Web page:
The prime minister is facing criticism at home and abroad for his statement expressing "deep sorrow" about the death of former Cuban president Fidel Castro.
Justin Trudeau, who recently returned from a diplomatic visit to Cuba, made the statement early Saturday after the announcement that Castro had died at the age of 90.
Trudeau acknowledged the late president was a "controversial figure," but remembered him as a "larger-than-life leader," who made significant improvements to Cuba's education and health-care systems.
"A legendary revolutionary and orator, Mr. Castro made significant improvements to the education and health care of his island nation," Trudeau said.
"I know my father was very proud to call him a friend," he added.
But others in Canada — and around the world — were less generous in their description of the deceased, and some have condemned the prime minister's statement, pointing out human rights violations during Castro's half-century regime.
Marco Rubio, the Cuban-American senator for Florida, wrote on Twitter, "Is this a real statement or a parody? Because if this is a real statement from the PM of Canada it is shameful (and) embarrassing."
Conservative leadership hopeful Lisa Raitt wrote on Facebook that Trudeau should be ashamed of himself after his remarks.
"With those words, Justin Trudeau has placed himself on the wrong side of history – against the millions of Cubans yearning for freedom. The prime minister should be ashamed of himself. He must retract this statement and apologize," she wrote.
Others running to be party leader also weighed in, including Maxime Bernier and Kellie Leitch.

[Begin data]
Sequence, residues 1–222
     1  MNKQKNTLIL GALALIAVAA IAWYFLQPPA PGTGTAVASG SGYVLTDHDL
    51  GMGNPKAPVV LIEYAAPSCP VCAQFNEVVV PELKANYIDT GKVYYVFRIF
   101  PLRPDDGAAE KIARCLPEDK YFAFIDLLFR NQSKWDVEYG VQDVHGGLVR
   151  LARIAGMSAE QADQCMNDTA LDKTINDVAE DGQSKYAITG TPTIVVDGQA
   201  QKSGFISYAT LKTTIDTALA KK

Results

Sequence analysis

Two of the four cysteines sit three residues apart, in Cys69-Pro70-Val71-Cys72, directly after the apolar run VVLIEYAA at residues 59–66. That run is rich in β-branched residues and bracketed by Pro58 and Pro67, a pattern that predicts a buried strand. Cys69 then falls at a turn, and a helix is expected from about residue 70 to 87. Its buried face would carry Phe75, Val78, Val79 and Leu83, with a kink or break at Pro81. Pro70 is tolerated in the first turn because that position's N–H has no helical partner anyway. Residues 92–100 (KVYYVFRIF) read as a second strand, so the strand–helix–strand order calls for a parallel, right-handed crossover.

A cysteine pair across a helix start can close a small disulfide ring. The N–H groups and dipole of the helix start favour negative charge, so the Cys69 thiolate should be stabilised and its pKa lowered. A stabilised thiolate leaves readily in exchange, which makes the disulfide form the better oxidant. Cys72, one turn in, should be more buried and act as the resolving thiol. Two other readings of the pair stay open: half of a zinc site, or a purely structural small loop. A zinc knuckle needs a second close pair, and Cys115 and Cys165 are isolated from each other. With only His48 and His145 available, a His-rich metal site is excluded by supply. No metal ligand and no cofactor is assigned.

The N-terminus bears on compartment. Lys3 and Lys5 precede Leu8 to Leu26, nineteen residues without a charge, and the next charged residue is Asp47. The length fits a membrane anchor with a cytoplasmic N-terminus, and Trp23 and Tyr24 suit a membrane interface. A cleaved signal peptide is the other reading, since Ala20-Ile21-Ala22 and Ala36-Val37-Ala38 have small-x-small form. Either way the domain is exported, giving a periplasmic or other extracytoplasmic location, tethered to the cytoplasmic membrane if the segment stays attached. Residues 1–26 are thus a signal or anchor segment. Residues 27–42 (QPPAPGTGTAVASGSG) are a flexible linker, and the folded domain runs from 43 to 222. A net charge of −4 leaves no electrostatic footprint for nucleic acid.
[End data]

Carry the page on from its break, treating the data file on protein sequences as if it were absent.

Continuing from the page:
Foreign Affairs Minister Stephane Dion noted Castro's death by tweeting: "An iconic figure of the 20th century passed away last night. Deepest condolences to the people of #Cuba, following the death of Fidel Castro."
Robert Wright, who wrote the book "Three Nights in Havana" about the relationship between Castro and Pierre Trudeau, said it made sense Trudeau would express warm condolences for Castro.
"He has to walk a knife's edge," he said. "Canadians have a long, rather proper diplomatic relationship with revolutionary Cuba."
"On the one hand Justin Trudeau has his family inheritance: his father's very, very warm friendship with Fidel Castro, and Justin's own warm rapport with the Cubans," Wright said. "And on the other hand, he has to face criticism when Raul Castro says Cuba will take its own time on democratic reforms and won't be rushed by Obama or Justin Trudeau or anyone else."
Castro acted as an honorary pallbearer at Pierre Trudeau's funeral, along with Leonard Cohen, former U.S. president Jimmy Carter and the Aga Khan.
In his statement, Trudeau offered his condolences "on behalf of Canadians," a move Wright said is likely to upset some Canadians who wouldn't want to be included in such "warm remarks."
Trudeau's former foreign policy adviser Roland Paris was among those taking the prime minister to task, saying on Twitter "It's not a statement I would have recommended."
Trudeau's comments also garnered criticism in the United States, a long-time political adversary of Cuba.
Website Breitbart News, which was previously run by president-elect Donald Trump's senior strategist, called the prime minister a "pretty little liar" in response to his comments.
And Ian Bremmer, an American political scientist who specializes in U.S. foreign policy, tweeted that "Cuban citizens and exiles deserve better" from Trudeau.
And social media users took the opportunity to mock the prime minister using the hashtag "#TrudeauEulogies," which imagines eulogies of dictators and criminals written in the style of Trudeau's statement.
For instance, user @MW_Johnson1 wrote, "While a controversial figure, John Wilkes Booth will be remembered as a lover of the theatre."
Trudeau's office did not respond to a request for comment on the backlash.